Computers stole your job; now they know your pain. Using a combination of facial recognition software and machine learning algorithms, researchers have trained computers to be dramatically better than humans at reading pained facial expressions. And they’re working on new programs to help clue you into what your friend, coworker, or client is feeling.
In a study released Friday (paywall) in the journal Current Biology, researchers asked 170 subjects whether the expressions of pain shown on faces in a series of videos were real or faked. They found that the humans’ collective empathetic ability was about the same as a coin flip—they read the expressions correctly only 50% of the time. Even after researchers trained the subjects to read the subtle, involuntary muscle triggers that experts use to tell when an emotion is being faked, they were only right 55% of the time.
With the same footage, the computer program could see which people were in real pain 85% of the time. “This is one of the first examples of computers being better than people at a perceptual process,” researcher Marian Bartlett told Wired.
Bartlett and others are looking to capitalize on this kind of research. She is a founder of Emotient, a company that has released an app for decoding facial expressions. The program uses a device’s onboard camera to capture people’s facial tics—even down to involuntary microexpressions—and decode them using a tree of options. The current prototypes are geared toward helping people in marketing and sales understand their clients’ reactions, but future versions could help people with autistic spectrum disorders read the emotional context of their interactions.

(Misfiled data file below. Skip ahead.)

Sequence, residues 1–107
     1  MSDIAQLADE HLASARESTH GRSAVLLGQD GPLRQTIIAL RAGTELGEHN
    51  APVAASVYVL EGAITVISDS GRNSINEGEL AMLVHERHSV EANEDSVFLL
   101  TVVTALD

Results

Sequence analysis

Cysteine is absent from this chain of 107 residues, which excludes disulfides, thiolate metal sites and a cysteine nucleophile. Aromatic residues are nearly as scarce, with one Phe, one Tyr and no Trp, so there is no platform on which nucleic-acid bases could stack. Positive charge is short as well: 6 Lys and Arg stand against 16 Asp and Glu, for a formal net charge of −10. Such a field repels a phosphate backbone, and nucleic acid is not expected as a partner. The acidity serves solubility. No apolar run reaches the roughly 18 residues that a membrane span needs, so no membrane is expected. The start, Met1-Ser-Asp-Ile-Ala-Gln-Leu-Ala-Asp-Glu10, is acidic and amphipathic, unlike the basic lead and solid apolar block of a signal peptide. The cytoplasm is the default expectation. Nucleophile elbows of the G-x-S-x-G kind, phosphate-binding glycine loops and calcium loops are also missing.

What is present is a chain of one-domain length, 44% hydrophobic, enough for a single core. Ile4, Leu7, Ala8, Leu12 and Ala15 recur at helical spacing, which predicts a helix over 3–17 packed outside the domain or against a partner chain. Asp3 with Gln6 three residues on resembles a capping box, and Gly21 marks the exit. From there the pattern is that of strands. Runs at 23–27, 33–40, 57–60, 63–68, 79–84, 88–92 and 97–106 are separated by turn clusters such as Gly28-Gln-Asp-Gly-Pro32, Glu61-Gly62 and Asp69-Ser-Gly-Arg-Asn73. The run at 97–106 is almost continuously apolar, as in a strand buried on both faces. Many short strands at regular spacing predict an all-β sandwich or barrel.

The presentation below explains how it works (click here if you can’t see the video):
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Emotient isn’t the only company to see that this has business potential. Affectiva is a company with a similar product, called Affdex, which analyzes peoples’s reactions through their webcams as they watch videos. Marketers could use this information to calibrate the emotional impact of their sales pitches. To alleviate privacy concerns, customers willing to participate would choose an “opt-in” feature, the company says.
The biggest challenge is in taking these technologies out of the lab. Sensing emotion in a controlled video is one thing, but in the wild, emotion trackers will have to deal with crowds, shifting light conditions, and varying contextual cues. (Not to mention the awkwardness of carrying on a conversation with someone you’re viewing and computer-analyzing through a phone camera.) So far, Emotient and Affdex are both working on viable consumer models, and Emotient already has an app in beta for Google Glass.
Emotion-sensing fits into broader push for more seamless human-computer interactions, including Intuit’s Dragon personal assistant, Intel’s RealSense camera, and Facebook’s drive for better photo ID. It’s a little alarming, perhaps, to think that your computer might someday be able to read you better than your own family—but honestly, who do you actually spend more time with?